This research provides a useful implication for container terminal operators to enhance LMX qualities and employee safety behavior through organizational participation, employee-helping behaviors and informing workers to obey safety rule and regulation.

Originality/value

Given the prevalence of accidents and unsafe behavior in container terminal operations, this research sought to examine the relationships among LMX, safety climate and employee SOCB in the container terminal context. Theoretically, this study highlights the importance of LMX and safety climate in explaining the SOCB of employees.

Details

Maritime Business Review, vol. 2 no. 4
Type: Research Article
ISSN: 2397-3757

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Article
Publication date: 24 August 2018

Jane Mullen, John Fiset and Ann Rhéaume

The purpose of this paper is to examine the relationship between abusive supervision and employee health and safety outcomes in Study 1 and to examine the effect of…

Abstract

Purpose

The purpose of this paper is to examine the relationship between abusive supervision and employee health and safety outcomes in Study 1 and to examine the effect of inconsistent leadership, operationalized as the interaction between transformational leadership and supervisor incivility, on employee safety participation in Study 2.

Design/methodology/approach

In Study 1, survey data were gathered from n=145 healthcare workers. In Study 2, survey data were gathered from n=177 nurses.

Findings

A partially mediated structural model was estimated in Study 1 and the results show that the model provided a good fit to the data χ2 (1)=1.27, p=0.23. Abusive supervision predicted safety climate (β=−0.41, p<0.01) and psychological health (β=−0.27, p<0.01). Safety climate, in turn, predicted psychological health (β= 0.40, p<0.01) and safety participation (β= 0.37, p<0.01). Study 2: moderated regression analysis showed that inconsistent leadership significantly predicted employee safety participation, F(5,144)=4.46, p<0.01.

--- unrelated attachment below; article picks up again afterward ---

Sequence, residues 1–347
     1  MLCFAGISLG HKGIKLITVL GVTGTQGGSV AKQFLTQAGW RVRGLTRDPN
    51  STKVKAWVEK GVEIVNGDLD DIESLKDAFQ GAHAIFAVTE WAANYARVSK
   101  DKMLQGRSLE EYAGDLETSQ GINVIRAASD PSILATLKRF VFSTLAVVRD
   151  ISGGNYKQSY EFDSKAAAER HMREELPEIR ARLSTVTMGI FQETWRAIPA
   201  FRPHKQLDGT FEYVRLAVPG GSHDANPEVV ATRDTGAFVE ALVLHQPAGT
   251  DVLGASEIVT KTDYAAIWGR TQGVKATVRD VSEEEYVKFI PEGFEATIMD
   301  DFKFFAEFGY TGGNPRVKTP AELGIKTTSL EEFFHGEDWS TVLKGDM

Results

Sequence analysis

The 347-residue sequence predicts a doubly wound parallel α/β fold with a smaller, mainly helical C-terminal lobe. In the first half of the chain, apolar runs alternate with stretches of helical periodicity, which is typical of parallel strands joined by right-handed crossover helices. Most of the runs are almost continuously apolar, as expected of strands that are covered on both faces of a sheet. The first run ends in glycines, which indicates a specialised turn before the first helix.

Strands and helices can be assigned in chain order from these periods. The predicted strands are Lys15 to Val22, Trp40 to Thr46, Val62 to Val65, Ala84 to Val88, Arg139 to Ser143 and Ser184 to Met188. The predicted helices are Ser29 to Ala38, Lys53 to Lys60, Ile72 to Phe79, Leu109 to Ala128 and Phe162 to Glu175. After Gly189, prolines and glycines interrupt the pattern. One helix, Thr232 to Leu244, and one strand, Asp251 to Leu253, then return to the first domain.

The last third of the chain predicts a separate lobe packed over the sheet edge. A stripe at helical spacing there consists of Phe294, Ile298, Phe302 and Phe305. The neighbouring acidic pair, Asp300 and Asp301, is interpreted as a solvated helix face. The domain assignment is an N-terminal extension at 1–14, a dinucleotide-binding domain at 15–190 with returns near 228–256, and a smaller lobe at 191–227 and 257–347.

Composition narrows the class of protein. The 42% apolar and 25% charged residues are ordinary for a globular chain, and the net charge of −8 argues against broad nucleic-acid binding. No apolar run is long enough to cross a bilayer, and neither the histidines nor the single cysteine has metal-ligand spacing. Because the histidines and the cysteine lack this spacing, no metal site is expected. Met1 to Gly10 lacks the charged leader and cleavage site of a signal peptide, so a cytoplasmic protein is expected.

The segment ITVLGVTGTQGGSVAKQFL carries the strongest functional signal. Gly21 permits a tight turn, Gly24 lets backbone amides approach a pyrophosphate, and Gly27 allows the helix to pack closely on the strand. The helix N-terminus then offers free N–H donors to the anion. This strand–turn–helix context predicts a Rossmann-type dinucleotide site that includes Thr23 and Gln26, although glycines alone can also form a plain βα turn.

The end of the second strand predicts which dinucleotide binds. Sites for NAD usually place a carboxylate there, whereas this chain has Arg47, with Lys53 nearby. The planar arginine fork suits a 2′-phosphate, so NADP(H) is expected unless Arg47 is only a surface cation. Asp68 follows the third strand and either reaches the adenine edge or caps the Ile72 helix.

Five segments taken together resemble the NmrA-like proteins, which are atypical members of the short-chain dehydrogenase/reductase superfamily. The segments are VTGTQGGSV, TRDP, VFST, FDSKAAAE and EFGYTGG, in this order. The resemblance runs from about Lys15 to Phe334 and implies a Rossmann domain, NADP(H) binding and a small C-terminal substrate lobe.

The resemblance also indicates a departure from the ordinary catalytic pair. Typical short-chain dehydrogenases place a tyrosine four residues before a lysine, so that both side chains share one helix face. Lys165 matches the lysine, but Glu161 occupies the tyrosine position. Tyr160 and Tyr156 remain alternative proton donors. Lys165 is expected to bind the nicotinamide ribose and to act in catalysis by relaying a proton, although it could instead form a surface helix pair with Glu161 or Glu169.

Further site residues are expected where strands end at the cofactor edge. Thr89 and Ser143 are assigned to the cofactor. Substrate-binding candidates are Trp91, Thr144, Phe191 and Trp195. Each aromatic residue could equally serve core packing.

Originality/value

Theoretical and practical implications for creating psychologically healthy workplaces through interventions aimed at improving leader effectiveness are discussed.

Details

Leadership & Organization Development Journal, vol. 39 no. 8
Type: Research Article
ISSN: 0143-7739

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Article
Publication date: 13 November 2018

Mervat Mohamed Elsaied

The purpose of this paper is to investigate the mediating role of psychological safety in the relationships among supportive leadership, proactive personality and employee

Abstract

Purpose

The purpose of this paper is to investigate the mediating role of psychological safety in the relationships among supportive leadership, proactive personality and employee voice behavior.

Design/methodology/approach

The data were collected from 268 employees, and 56 were their immediate supervisors, in three Egyptian companies belonging to footwear and headgear sector. Employees and their immediate supervisors provided data on separate questionnaires and different occasions; an identification number was used to match each employee’s questionnaire with the response of his/her immediate supervisor.

Findings

The results indicated that both supportive leadership and proactive personality had a positive and significant effect on voice behavior. In addition, the results showed that psychological safety fully mediated the relationships among supportive leadership, proactive personality and employee voice behavior.

Originality/value

This study contributes to the literature by linking supportive leadership, proactive personality and employee voice behavior. It clarifies how and why supportive leadership and proactive personality can stimulate voice behavior.

Details

American Journal of Business, vol. 34 no. 1
Type: Research Article
ISSN: 1935-5181

Keywords